Judge refuses to dismiss murder charge against Bartie

Judge refuses to dismiss charge against Bartie

LAKE CHARLES, La. (KPLC) - Judge Clayton Davis refused to dismiss second-degree murder charges against Dennis Jerome Bartie after passionate arguments from defense attorneys that throwing out the case was the only remedy after misconduct by police and prosecutors, including a confession the defense calls forced and false.

Prosecutors dispute that and say they are determined to achieve justice for Rose Born – killed in her donut shop more than 20 years ago.

Bartie is charged with second-degree murder and armed robbery. A possible trial date of Nov. 30 was discussed.

Defense attorney Adam Johnson likened the state’s action to those in the George Floyd case saying someone in the process should have said, “get off his neck.”

“I think that their actions rise to a level of misconduct that we have not seen in a long, long time,” Johnson said. “And I think that those actions cumulatively justified a complete dismissal of this case. And that’s what I urged the court to do, to dismiss it and send a clear message, don’t do this again.”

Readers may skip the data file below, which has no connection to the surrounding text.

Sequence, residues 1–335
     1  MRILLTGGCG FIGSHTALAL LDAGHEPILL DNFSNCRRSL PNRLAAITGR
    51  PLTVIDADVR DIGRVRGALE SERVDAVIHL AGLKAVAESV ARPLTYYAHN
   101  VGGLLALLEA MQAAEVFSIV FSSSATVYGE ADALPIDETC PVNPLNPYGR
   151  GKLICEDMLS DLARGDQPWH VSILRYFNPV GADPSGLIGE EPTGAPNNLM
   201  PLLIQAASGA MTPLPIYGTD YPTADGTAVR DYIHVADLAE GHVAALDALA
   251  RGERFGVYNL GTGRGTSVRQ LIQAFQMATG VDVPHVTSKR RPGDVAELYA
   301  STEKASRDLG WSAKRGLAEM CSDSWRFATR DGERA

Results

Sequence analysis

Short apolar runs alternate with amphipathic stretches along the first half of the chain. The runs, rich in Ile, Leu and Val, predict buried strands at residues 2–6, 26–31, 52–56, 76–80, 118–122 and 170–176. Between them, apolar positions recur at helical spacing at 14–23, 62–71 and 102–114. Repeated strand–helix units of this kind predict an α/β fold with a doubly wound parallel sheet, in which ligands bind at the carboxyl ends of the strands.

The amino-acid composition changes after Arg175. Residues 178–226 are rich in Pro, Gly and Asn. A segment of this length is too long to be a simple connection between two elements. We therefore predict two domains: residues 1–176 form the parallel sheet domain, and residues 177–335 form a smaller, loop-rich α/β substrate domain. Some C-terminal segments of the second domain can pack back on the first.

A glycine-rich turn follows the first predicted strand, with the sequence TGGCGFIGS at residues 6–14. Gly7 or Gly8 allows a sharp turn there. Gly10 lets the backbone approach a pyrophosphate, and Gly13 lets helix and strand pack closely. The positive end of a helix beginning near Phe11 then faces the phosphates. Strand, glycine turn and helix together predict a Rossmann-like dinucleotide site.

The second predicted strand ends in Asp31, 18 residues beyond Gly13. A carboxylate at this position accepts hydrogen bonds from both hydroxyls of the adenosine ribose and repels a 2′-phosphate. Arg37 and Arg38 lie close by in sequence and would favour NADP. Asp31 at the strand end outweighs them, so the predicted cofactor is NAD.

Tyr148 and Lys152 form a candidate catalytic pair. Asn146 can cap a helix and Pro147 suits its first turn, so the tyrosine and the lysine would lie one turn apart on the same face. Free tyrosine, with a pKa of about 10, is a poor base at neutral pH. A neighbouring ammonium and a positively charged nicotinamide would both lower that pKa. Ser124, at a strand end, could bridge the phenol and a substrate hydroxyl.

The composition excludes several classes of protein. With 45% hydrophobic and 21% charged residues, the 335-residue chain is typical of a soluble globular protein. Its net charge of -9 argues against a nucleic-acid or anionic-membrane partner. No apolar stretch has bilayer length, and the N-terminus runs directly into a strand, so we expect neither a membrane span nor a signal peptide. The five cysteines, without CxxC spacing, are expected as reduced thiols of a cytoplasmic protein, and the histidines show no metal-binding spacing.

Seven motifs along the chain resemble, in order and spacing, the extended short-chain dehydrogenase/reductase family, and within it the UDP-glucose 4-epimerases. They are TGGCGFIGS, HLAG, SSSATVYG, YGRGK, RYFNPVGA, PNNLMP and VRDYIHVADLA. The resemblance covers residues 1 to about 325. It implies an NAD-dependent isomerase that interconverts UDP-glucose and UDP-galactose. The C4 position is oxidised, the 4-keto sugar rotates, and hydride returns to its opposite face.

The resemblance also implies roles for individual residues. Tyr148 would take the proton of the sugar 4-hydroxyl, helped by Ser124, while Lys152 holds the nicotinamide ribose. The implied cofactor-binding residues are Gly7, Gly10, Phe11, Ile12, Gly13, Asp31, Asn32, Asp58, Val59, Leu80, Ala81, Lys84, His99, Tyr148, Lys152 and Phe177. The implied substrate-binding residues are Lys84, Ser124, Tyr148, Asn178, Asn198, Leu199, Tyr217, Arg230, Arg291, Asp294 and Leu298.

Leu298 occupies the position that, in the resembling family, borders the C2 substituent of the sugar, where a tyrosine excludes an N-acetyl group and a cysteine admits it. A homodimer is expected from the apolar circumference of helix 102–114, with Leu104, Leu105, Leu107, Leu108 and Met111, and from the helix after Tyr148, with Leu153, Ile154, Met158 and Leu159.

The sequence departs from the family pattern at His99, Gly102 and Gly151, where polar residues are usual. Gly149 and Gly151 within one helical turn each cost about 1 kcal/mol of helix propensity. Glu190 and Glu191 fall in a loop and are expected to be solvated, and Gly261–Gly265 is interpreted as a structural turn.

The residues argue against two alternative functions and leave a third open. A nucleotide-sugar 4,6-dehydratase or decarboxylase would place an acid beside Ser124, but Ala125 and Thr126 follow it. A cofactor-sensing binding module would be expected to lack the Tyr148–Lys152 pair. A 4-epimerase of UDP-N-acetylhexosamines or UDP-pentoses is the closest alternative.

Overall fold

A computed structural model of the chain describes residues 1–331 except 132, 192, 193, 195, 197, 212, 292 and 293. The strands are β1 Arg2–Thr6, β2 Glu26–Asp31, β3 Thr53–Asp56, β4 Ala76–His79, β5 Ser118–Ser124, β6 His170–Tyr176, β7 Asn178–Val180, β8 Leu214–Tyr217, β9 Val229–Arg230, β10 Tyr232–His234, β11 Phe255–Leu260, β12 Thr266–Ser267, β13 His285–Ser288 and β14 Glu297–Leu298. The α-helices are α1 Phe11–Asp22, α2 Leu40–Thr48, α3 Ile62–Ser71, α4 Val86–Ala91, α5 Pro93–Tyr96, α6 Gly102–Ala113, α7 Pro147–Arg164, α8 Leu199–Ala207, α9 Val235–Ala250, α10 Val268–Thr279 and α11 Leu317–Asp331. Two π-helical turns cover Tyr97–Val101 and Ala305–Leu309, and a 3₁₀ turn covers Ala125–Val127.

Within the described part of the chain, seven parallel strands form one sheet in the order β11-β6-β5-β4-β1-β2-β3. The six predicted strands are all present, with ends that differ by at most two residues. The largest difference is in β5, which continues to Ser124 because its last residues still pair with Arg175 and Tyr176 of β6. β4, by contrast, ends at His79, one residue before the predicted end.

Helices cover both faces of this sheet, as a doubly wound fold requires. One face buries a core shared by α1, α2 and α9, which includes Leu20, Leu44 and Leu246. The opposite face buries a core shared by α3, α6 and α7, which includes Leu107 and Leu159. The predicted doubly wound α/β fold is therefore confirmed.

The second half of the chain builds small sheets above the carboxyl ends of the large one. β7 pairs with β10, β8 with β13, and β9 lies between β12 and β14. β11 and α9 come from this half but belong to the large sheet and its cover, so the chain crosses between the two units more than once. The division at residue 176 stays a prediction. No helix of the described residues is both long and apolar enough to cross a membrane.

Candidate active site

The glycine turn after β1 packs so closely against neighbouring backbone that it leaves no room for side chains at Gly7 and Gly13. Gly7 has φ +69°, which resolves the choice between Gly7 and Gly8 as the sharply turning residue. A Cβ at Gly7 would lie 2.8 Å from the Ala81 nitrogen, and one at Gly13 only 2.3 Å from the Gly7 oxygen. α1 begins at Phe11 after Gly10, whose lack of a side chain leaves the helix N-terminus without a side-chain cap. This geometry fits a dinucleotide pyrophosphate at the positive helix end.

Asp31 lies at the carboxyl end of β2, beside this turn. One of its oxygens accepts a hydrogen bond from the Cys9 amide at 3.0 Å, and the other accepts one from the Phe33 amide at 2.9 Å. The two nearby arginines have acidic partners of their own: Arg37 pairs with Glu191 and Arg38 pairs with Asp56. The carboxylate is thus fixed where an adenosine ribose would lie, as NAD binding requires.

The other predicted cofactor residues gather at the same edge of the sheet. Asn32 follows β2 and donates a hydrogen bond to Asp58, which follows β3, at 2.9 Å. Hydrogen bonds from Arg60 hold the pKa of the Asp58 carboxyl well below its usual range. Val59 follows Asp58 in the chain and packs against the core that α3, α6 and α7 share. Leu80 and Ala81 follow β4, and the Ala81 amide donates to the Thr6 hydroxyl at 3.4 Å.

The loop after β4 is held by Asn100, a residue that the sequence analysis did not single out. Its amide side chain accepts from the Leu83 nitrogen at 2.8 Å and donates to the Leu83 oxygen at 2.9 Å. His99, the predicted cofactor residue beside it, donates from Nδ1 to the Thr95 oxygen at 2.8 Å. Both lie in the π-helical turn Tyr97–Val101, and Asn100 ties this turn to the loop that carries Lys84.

Prosecutor Hugo Holland was aghast that Floyd was brought into it.

“It’s awfully sad when a criminal defense lawyer seeks to capitalize on a tragic death at the hands of police in order to attempt to protect somebody who robbed and murdered a completely innocent woman,” Holland said.

Holland said Bartie is the man responsible for Born’s death at her doughnut shop in 1998.

“I ain’t stopping,” Holland said. “He’s a killer. I’m putting him in prison and I ain’t stopping until that happens. Can I be any clearer about that?”

Defense attorney Todd Clemons says they are disappointed in the judge’s refusal to dismiss the case, in light of what he calls inappropriate conduct by the state. “Starting with the confession, false confession of Mr. Bartie, where they browbeat him for 7 1/2 hours,” Clemons said. “They always talk about how strong their case is, but they had to engage in police misconduct in order to get him to tell them what they wanted him to say.”

The Third Circuit threw out Bartie’s confession, saying it came after Bartie had invoked his right to remain silent.

“This disregard of a clear and unequivocal invocation of Defendant’s right to remain silent is the very type of police misconduct the Supreme Court prohibited in Miranda v. Arizona,” the Third Circuit wrote.

Judge Mike Canaday was recused from the case after motions from defense attorneys alleging that he was always siding with the state in the Bartie case.

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